Chicken Pox and Shingles
CHICKEN POX AND SHINGLES
Chicken pox (varicella) is a highly infectious, acute viral illness caused by the varicella zoster virus. The illness is characterized by a generalized pruritic, vesicular rash with fever and systemic symptoms usually lasting from seven to ten days. In the pre-immunization era in the United States, there were approximately 4 million cases, 11,000 hospitalizations, and 100 deaths every year. Most cases occurred in children under ten years of age. Complications from chicken pox include pneumonia, encephalitis, cerebellar ataxia, infections, and bleeding disorders. Infants, adults, and immunocompromised persons are at higher risk of severe disease, hospitalization, and death.
Once a person recovers from chicken pox, the virus stays in the body for life (becomes latent), residing in nerve cells known as dorsal root ganglia. The virus can reactivate, resulting in herpes zoster (shingles), which usually presents as a band-like rash in an area of the body that receives innervation from one sensory nerve. Approximately 15 percent of persons who have had chicken pox will develop shingles at some point in their lives, the risk increasing with advancing age. Most cases are associated with a vesicular rash, though some affected persons experience local pain as well. However, persons older than fifty years may develop a severe pain syndrome lasting for months known as post-herpetic neuralgia.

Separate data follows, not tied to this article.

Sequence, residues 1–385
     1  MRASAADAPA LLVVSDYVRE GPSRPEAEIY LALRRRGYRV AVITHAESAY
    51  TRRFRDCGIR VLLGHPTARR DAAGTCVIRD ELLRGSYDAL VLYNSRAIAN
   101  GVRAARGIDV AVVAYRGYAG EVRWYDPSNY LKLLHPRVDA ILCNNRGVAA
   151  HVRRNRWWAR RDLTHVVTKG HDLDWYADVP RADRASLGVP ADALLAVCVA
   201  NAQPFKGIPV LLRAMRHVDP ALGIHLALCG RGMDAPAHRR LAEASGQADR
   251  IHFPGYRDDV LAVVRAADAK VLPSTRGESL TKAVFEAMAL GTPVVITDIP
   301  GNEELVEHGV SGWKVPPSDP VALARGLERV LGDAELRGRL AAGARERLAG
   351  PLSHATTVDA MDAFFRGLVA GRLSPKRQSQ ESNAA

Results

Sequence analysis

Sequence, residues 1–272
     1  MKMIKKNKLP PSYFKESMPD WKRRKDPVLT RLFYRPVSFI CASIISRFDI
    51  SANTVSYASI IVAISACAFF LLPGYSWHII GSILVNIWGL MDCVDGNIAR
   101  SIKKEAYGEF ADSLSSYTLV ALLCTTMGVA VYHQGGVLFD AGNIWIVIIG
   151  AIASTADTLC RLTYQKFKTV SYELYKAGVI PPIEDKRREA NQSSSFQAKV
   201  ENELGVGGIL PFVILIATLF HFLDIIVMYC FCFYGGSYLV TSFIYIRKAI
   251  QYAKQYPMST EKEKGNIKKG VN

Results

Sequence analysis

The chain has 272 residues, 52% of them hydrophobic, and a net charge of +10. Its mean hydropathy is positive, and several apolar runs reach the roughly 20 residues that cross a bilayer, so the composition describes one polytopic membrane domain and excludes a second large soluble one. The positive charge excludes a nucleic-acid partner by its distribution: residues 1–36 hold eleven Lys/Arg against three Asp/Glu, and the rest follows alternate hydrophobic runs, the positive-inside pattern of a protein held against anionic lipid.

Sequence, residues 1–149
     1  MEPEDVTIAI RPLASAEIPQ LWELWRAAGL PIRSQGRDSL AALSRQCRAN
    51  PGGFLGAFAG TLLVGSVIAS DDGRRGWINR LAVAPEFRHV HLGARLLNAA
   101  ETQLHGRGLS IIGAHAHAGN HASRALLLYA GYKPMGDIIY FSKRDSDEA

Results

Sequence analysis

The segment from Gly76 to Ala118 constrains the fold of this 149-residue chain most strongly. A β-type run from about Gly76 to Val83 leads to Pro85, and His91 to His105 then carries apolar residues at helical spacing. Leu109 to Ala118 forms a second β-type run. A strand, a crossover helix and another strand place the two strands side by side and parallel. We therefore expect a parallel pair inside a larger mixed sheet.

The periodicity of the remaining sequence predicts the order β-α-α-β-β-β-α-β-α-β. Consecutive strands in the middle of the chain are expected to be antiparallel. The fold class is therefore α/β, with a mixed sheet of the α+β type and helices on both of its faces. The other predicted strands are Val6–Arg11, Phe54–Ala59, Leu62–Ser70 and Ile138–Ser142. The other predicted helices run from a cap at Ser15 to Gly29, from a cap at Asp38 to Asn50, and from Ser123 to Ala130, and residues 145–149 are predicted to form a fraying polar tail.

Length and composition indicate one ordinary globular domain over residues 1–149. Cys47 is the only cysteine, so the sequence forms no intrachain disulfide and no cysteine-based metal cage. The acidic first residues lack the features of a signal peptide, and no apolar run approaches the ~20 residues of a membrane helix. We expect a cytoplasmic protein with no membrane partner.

In 1995, a live, attenuated vaccine was licensed in the United States for routine childhood immunization against chicken pox. Since then, the number of cases of chicken pox has decreased significantly. Another vaccine has been tested for prevention or modification of shingles.